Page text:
The Urban Tactics research project looks at the relationship between temporary architecture projects and long term planning. It takes four very different case studies of temporary use to find out what works and why and to try to draw general conclusions about the social, economic and political contexts conducive to these projects’ success. It mainly with temporary interventions in public space (or publicly accessible space) although some of the conclusions could equally apply to the temporary use of vacant buildings.
The case studies were: the Bat Yam Biennale of Landscape Urbanism, Israel; the London Festival of Architecture 2008 and 2010 editions, UK; the Meanwhile London competition, UK; and Stuttgart post-21 in Germany. For each one, a series of interviews were done, with a wide range of stakeholders – with representatives from the local municipality, with curators of the festivals and biennales which provided the framework for many of the temporary projects to take place, and with the designers and cultural planners who were actually trying to realise the interventions. It sums up with a toolkit on what works where and why.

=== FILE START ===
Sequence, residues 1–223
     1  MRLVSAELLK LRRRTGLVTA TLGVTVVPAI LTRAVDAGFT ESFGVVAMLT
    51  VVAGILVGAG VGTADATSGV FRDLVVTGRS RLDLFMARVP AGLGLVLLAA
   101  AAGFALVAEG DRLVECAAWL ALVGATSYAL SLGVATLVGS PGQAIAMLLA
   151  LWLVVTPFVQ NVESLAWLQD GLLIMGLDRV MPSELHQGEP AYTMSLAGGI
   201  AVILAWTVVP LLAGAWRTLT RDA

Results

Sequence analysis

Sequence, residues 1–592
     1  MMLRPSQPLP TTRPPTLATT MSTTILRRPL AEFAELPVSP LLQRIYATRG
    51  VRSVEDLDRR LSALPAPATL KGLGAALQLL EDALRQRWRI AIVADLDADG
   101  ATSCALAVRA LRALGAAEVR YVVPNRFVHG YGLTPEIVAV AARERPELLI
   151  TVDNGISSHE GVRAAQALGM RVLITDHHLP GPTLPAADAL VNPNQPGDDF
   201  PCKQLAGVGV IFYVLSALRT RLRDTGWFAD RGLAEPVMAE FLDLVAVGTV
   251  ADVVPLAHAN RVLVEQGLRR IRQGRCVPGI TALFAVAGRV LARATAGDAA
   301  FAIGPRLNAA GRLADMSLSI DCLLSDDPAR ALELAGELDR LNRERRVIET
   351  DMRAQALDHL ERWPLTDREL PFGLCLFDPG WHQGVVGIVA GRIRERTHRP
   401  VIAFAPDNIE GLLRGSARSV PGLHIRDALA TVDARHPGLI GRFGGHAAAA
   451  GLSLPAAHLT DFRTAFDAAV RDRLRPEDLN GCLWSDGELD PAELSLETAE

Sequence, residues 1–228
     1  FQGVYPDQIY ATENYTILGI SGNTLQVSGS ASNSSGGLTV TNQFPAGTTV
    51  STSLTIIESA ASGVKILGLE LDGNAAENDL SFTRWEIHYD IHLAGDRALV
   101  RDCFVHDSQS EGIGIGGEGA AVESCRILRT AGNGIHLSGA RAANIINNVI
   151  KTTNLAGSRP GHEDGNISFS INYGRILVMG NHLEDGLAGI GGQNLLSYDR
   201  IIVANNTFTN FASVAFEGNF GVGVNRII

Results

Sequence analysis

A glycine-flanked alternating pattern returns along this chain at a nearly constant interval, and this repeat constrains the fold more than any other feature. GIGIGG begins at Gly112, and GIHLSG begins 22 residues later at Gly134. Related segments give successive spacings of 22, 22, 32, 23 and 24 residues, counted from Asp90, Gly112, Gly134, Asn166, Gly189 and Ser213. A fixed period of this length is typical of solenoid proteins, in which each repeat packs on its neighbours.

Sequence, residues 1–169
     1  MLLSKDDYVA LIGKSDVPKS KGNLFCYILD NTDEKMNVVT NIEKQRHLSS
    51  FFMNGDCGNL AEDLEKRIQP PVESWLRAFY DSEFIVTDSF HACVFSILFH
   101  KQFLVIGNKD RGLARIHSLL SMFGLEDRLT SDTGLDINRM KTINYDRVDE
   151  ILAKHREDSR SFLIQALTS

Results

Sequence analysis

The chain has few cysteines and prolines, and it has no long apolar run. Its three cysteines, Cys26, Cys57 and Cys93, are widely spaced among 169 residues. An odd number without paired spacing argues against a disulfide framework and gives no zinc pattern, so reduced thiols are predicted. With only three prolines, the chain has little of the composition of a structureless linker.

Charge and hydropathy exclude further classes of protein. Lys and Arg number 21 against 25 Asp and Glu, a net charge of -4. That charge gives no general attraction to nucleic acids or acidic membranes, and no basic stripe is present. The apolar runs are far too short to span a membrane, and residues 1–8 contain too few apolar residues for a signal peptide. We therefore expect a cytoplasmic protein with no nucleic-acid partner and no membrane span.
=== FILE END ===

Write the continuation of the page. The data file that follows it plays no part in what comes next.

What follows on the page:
Download the report: Urban Tactics Temporary Interventions + Long Term Planning.
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Urban Tactics – temporary interventions and long term planning by Killing Architects is licensed under a Creative Commons Attribution-NonCommercial-NoDerivs 3.0 Unported License.
The project was made possible by a grant from the Netherlands Architecture Fund.